E.Tresmontant - 2009-12-01
The Dalmatian coast is rich and varied enough to cater for all types of holidaymakers. Depending on your taste you can enjoy scuba diving in the Blue Grotto on the island of Bisevo, chilling out on Zlatni Rat beach on the island of Brac, or culture vulturing in the towns of Hvar and Korcula. This itinerary takes in all these activities and takes you down the coast in stages, finishing with a memorable visit to the city of Dubrovnik.
Depending on your taste you can enjoy scuba diving in the Blue Grotto on the island of Bisevo, chilling out on Zlatni Rat beach on the island of Brac, or culture vulturing in the towns of Hvar and Korcula. This itinerary takes in all these activities and takes you down the coast in stages, finishing with a memorable visit to the city of Dubrovnik.
Vis, an unspoilt island only just being discovered
The ferry from Split takes three hours to carry you to Vis, including a stop at Hvar. Vis is an ancient colony founded in the fourth century BC by Denys, tyrant of Syracuse. In ancient Greek times, it was the largest Greek city-state of the Adriatic. A former Yugoslav navy base, the island was out of bounds to the public until 1989 and is only just beginning to open up to tourism. Its few inhabitants still live from fishing and agriculture.
The two main villages - Vis and Komiza - are situated on the east and west coast of the island respectively, so it is a good idea to hire a scooter or an all-terrain bike for the day to travel from one to the other, cruising along the coast road, with its magnificent panoramas. Four miles off the coast of Komiza, the small island of Bisevo is the setting of the famous Blue Grotto. Between 11am and noon, the suns' rays cross an undersea opening and bathe the interior of the grotto in an extraordinary blue light. To reach this site, boat trips are organised daily by the travel agencies at Vis and Komiza.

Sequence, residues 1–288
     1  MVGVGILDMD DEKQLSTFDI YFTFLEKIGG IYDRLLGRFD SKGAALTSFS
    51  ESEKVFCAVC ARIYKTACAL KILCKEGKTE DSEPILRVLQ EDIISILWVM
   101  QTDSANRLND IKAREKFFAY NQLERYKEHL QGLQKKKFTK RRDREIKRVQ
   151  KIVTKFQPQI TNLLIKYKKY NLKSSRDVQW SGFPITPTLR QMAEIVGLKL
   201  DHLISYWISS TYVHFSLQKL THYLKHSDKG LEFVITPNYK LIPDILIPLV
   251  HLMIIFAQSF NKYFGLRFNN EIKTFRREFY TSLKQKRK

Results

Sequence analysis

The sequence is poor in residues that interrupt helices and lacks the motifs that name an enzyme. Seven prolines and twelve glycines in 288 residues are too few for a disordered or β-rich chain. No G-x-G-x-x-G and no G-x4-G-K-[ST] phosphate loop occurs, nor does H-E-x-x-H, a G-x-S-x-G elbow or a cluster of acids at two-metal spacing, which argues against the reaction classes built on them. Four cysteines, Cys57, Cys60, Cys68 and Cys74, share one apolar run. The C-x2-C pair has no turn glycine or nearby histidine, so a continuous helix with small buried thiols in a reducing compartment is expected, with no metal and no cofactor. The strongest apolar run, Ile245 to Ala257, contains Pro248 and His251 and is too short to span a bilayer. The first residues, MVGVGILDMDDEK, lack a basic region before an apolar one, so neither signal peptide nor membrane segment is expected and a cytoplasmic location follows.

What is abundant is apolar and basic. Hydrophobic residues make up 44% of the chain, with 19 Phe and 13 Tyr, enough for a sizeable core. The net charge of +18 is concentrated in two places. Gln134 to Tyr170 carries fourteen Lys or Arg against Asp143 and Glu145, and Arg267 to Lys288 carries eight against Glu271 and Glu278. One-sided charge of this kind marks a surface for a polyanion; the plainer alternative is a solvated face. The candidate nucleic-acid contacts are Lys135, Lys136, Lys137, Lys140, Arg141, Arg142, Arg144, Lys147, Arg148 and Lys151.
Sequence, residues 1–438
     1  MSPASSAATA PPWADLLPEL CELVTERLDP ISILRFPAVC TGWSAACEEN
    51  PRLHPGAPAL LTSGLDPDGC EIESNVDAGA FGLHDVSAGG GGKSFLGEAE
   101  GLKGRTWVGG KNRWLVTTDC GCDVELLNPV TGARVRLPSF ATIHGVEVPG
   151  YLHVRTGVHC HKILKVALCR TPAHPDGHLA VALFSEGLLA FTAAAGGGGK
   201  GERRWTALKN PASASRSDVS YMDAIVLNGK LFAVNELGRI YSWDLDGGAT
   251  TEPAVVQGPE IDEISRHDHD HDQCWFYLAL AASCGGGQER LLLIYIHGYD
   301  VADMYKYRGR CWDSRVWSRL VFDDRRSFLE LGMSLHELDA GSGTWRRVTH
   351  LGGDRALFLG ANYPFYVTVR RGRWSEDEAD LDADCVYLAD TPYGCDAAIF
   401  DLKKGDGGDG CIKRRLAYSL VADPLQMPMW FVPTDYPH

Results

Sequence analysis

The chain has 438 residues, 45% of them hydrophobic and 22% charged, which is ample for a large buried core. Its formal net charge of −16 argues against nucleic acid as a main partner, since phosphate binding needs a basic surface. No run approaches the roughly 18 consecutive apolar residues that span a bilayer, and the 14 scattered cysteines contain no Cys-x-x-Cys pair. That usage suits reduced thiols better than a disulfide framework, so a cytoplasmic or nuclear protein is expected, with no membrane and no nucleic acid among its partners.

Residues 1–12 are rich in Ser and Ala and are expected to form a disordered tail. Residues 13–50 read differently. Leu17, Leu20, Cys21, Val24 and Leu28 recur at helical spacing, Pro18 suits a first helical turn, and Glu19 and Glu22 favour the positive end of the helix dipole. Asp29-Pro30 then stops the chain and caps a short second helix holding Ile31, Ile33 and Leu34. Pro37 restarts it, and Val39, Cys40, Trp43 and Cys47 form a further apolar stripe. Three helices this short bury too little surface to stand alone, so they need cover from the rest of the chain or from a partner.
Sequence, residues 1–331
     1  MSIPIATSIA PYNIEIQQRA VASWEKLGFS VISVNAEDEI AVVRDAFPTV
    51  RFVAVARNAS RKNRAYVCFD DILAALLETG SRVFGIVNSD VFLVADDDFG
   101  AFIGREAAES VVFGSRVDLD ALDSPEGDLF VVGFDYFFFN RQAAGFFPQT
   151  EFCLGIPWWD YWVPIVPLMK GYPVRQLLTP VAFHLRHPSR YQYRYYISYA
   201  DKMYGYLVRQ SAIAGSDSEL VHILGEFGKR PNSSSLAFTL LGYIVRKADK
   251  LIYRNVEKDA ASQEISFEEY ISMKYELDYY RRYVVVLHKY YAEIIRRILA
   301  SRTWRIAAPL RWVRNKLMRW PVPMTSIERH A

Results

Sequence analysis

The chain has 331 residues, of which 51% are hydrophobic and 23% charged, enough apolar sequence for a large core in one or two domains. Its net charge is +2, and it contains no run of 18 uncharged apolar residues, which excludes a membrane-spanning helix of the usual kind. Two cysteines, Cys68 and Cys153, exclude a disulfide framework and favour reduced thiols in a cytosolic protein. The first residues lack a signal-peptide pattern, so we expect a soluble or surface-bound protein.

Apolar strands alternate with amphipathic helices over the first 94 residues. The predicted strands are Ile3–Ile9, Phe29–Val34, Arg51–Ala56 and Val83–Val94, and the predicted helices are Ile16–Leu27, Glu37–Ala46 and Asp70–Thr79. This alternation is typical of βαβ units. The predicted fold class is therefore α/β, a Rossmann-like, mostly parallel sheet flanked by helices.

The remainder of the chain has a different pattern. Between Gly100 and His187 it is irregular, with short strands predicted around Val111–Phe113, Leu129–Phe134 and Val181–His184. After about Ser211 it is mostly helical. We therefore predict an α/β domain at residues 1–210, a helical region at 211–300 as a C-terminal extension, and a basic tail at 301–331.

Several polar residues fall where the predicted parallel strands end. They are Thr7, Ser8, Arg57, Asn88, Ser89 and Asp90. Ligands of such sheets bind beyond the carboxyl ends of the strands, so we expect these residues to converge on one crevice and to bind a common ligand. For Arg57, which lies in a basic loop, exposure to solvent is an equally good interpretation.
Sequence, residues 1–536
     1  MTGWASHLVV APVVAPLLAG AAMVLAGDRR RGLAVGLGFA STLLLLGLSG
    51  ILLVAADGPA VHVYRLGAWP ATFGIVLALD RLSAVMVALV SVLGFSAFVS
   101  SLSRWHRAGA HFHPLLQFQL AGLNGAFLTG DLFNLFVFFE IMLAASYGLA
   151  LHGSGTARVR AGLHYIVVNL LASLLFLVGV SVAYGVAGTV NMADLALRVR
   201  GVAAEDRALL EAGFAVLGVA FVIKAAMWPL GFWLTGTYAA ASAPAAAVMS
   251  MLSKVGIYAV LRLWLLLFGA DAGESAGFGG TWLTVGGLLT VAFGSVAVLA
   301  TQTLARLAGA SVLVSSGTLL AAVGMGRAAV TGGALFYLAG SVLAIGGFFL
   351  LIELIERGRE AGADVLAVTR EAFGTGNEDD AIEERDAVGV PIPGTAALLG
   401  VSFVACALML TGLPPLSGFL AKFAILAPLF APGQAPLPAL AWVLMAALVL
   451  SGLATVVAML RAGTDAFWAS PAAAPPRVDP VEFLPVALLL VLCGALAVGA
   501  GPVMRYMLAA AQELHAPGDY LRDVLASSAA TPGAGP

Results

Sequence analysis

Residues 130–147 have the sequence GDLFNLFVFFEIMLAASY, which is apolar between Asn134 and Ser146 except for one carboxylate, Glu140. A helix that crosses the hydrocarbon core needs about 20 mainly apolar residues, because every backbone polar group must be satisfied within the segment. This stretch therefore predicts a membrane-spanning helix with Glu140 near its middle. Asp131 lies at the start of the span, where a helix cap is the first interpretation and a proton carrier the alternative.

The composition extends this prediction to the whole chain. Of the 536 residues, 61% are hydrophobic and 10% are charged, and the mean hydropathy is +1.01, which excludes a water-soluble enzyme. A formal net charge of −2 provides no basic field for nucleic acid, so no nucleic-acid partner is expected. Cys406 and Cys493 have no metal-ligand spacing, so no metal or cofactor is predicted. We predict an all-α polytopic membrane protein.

Brac, the Mediterranean beauty
One hour from Split, the 25 mile / 40km long by 7 mile / 11km wide island of Brac is Dalmatia's largest (its name means "the Big One"). With its drystone walls, cypress forests and goats cheeses, it is also probably the most Mediterranean of the Croatian islands.
When you arrive at Supetar, make sure you head for the town's tourist office, whose director, Tamara Ljubicic, is keen on developing ecological tourism. She will tell you which of the island's treasures to visit first by bus, car or on a scooter. Perhaps its oldest village, called Skrip, where you will find the island's museum, located just 5 miles/8km away. Perhaps Lozisca, with its extraordinary Baroque church tower, or Milna, the island's largest marina (an idyllic place if you are travelling by boat) or perhaps the summit of Vidova Gora (2,528 ft) offering a superb panorama over the sea and the island of Hvar!
Supetar's most beautiful site is the marine cemetery situated on Cape Saint Nicholas, a splendid place to stroll at sunset.
Brac has been known since ancient Greek times for its famous white stone, which was used in building Diocletian's palace in Split, and is also to be found in the major buildings of Vienna - not to mention the White House in Washington. If you are interested in learning more about stone quarrying, visit the village of Pucisca.
And then of course there is the Adriatic's finest beach, Zlatni Rat, an immense triangle of tiny white gravel extending some 1,500 feet back from the sea. Zlatni Rat is Croatia's most highly visited tourist attraction in summer. A promenade connects the beach to the charming village of Bol where you can catch the boat to travel to the island of Hvar.
Hvar, the Adriatic's Saint Tropez
Classified by the American magazine Traveler as being among the world's most beautiful islands, Hvar has recently been attracting the yachts of the jet set, from Spielberg to Sharon Stone. While the small ports of Jelsa, Stari Grad and Vrboska are not lacking in charm, the jewel of the island is clearly Hvar. Situated at the western extremity, in a bay protected from storms by the small Pakleni islands, this town - laid out by the Venetians - looks just like an opera backdrop!